The short of it: in his new book’s ambitious thinking about the “full scale of human history,” William MacAskill undervalues the past—by definition, but more than needed—and elides in practice what that thinking could perhaps offer those of a different ideological worldview.
The popular EconTalk podcast host Russ Roberts’ new book offers a helpful insight to any grantmakers willing to receive it—and self-aware enough to risk considering themselves as essentially engaged in art, not science.
A mid-year collection of interesting and insightful passages.
Don’t miss influential author, in new book, floating idea “in order to avoid an excessive concentration of power within a small number of entities and to enable less wealthy entities to develop.”
Claire Dunning’s impressive new history on government support of nonprofits in Boston offers helpful insights for private philanthropy.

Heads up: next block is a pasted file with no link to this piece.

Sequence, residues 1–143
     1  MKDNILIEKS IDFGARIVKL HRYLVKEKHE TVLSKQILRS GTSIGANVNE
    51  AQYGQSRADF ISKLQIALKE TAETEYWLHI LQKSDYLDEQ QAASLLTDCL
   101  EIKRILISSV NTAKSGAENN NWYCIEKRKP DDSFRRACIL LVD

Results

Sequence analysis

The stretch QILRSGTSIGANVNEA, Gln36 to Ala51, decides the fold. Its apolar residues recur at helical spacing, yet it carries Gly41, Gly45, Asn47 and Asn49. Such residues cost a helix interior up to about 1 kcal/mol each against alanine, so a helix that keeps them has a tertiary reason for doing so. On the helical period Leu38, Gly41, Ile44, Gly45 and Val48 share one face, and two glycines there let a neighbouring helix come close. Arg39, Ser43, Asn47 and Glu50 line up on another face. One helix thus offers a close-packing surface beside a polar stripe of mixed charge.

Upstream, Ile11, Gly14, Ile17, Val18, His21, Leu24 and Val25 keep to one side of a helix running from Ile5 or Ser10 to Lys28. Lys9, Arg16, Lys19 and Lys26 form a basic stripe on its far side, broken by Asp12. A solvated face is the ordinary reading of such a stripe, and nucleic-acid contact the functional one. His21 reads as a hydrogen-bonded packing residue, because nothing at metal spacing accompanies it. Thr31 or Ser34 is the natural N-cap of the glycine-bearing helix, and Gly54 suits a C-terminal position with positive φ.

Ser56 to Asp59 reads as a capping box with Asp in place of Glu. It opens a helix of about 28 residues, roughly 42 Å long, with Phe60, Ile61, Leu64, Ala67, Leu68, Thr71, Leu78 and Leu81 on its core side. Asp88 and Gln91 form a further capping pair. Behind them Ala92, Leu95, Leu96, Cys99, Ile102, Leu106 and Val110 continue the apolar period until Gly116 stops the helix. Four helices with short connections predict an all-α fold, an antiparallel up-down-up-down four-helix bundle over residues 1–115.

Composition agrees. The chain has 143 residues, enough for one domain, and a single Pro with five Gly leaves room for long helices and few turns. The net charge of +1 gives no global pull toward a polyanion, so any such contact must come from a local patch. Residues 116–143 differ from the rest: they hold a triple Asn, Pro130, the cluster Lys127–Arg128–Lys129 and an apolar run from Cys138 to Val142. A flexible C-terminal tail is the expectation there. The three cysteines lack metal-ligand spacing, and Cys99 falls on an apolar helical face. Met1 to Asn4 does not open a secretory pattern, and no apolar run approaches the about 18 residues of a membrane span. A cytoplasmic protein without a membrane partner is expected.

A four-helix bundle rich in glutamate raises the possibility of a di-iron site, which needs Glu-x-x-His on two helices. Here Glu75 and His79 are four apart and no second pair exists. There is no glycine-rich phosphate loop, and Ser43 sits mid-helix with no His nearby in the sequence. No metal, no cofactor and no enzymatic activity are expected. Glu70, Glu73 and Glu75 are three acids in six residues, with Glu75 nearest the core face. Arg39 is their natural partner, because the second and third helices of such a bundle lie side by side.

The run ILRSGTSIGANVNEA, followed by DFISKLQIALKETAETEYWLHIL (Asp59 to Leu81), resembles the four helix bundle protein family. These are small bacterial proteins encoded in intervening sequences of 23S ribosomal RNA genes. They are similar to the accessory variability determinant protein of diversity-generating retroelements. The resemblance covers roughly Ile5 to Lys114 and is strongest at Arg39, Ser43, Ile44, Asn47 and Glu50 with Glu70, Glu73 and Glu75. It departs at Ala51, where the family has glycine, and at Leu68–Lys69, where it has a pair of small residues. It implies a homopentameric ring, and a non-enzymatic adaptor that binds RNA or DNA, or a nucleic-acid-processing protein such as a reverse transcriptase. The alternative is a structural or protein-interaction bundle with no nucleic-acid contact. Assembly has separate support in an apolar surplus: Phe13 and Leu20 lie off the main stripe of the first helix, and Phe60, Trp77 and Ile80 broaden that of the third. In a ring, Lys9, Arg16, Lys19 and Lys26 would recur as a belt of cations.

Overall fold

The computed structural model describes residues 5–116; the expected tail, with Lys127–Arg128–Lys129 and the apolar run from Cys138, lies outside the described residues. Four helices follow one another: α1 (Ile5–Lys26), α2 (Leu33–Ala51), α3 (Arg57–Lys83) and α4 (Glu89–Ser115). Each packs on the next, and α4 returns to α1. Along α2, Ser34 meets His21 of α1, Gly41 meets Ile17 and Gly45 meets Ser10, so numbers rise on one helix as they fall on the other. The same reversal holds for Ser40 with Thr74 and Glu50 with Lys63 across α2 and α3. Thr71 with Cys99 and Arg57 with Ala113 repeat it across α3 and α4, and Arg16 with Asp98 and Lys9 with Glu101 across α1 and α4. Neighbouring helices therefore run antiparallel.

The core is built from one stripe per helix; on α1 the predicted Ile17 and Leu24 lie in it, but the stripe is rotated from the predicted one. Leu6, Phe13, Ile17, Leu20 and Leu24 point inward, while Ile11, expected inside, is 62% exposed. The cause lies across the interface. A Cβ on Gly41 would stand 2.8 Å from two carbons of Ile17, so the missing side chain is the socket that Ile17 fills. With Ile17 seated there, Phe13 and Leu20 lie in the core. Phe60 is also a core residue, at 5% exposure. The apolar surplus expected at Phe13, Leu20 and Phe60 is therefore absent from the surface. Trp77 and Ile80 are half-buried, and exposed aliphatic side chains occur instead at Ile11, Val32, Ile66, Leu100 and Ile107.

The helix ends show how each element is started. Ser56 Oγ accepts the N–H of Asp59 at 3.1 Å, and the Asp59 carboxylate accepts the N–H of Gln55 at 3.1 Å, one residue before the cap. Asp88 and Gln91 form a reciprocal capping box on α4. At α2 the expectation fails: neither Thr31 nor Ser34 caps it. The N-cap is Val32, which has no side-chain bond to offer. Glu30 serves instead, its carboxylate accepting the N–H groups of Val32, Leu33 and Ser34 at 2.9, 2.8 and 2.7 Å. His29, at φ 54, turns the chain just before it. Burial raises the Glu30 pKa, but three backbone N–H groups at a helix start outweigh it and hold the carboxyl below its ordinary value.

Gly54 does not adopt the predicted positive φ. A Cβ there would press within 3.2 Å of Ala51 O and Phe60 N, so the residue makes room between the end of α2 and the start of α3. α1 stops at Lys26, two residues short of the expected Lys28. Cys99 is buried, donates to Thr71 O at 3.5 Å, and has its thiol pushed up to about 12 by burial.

And in philanthropy?
Historian Gary Gerstle’s new book on America in what he considers the bygone free-market era includes a role for philanthropy in its narrative—well, at least in its purportedly “Powell-ian” rise, anyway.
“Using tax privileges, matching grants, special restrictions, and unique legal devices, the modern state gives the practice of philanthropy its particular strength and texture,” according to Theodore M. Lechterman. “Which if any of these regulatory strategies can be justified requires careful analysis and evaluation.”
A year-end collection of interesting and insightful passages.